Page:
In the initial phase, I researched Maharajin Bua through articles and one old documentary by Doordarshan. According to these articles Maharajin Bua was the first lady cremator of India. She worked at Rasoolabad Ghaat, Allahabad. she was a tough lady, used to know martial arts and 12 men used to work under her. She became a cremator after the death of her father, Laxmi Narayan Mishra. Gulaab Tiwari started the cremation work from the age of 10 which she continued till the end of her life. Her younger son Jagdish also used to help her in the cremation work and right now he is the head of Rasoolabad Ghaat after her mother passed away in 2002.
The Attraction of filmmakers and newspapers for a lady who was just doing her daily job was due to the factors which surrounds her. Religion and society in our country’s context. In one article “No Place For Women - The Cremation Ghaat Of Banaras” by Smriti Dewan (101india.com) the beliefs of the Hindu religion about women could be easily seen. Although the title itself explains the situation but in this article, Smriti Dewan wrote about her experiences when she visited the Varanasi Ghaat for photographs and was told that women are restricted on the Ghaat just before they were going to reach.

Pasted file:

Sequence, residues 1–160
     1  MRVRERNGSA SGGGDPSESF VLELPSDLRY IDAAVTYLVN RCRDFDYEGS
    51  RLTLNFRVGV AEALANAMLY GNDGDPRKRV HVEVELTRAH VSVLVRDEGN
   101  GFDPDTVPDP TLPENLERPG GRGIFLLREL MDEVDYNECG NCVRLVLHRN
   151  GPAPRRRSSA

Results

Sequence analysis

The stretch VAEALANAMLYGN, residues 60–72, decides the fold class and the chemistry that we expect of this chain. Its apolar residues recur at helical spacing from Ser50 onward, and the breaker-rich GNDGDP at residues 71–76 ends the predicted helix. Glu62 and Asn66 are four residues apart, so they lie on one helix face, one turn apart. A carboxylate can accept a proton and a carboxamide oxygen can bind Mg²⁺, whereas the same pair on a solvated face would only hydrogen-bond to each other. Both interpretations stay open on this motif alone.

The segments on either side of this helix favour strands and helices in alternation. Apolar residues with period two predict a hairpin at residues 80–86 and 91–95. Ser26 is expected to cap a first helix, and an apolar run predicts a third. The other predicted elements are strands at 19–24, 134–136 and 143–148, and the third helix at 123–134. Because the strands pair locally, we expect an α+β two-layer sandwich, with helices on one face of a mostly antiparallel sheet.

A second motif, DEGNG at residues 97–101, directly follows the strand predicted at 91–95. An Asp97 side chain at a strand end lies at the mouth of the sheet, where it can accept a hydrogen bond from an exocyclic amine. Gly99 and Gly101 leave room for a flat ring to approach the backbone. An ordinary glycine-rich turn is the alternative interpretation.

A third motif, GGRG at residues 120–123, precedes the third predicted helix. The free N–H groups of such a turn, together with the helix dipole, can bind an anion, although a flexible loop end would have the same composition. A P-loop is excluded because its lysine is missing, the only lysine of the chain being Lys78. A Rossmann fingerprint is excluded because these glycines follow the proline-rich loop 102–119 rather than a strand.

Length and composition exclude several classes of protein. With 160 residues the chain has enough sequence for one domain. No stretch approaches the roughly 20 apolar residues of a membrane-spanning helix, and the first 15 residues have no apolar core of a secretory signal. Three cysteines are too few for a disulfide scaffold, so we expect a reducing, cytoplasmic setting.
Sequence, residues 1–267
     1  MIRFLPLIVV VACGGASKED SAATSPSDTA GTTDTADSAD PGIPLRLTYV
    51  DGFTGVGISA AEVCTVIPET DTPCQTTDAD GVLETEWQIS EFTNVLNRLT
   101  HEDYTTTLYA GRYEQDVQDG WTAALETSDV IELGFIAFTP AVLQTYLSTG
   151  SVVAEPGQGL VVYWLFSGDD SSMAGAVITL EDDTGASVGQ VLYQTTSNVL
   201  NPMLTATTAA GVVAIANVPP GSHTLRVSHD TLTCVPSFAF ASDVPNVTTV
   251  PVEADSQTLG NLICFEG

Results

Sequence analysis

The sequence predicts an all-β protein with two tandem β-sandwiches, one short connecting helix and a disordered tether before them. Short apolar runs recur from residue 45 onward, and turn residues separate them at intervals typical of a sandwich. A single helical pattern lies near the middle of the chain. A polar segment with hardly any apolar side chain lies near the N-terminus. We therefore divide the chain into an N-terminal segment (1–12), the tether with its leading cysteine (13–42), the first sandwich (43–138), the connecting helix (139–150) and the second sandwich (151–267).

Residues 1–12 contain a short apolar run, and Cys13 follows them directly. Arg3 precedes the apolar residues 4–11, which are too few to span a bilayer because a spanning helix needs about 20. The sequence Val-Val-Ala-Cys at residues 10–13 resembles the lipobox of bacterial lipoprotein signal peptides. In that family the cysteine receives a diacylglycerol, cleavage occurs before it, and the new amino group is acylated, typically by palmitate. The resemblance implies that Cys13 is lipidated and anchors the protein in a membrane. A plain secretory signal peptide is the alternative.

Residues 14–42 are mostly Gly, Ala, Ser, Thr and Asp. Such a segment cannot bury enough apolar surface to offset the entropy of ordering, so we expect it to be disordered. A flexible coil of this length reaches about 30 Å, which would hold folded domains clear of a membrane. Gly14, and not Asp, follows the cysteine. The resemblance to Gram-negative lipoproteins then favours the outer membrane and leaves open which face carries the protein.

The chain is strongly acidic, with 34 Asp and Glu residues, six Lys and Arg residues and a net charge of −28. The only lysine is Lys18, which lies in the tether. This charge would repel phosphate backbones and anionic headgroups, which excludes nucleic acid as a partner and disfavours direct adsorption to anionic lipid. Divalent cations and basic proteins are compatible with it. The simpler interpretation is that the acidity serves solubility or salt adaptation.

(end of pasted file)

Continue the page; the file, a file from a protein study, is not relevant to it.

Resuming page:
Women are not even allowed on the cremation ground and then there is Gulaab Tiwari who took cremation as her career for life and yes, she faced a lot of barriers. Boatman yelling her about what to do when she was new in her career, a priest opposed a woman being a cremator, and she was even assaulted by some men but nothing could stop her from what she had to do for keeping herself and her family on the go. She performed farewell to the people who were done with their journey so that she could continue her own.
Stills from “Of Life and death”